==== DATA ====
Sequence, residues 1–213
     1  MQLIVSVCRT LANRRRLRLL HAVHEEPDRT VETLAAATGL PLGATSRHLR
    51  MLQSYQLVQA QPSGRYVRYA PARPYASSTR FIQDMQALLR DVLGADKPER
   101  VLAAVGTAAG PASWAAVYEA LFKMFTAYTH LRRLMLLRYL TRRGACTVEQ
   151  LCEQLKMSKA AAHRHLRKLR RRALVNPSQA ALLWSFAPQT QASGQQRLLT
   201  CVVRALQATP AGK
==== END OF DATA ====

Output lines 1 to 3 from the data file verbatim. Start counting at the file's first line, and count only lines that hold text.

Sequence, residues 1–213
     1  MQLIVSVCRT LANRRRLRLL HAVHEEPDRT VETLAAATGL PLGATSRHLR
    51  MLQSYQLVQA QPSGRYVRYA PARPYASSTR FIQDMQALLR DVLGADKPER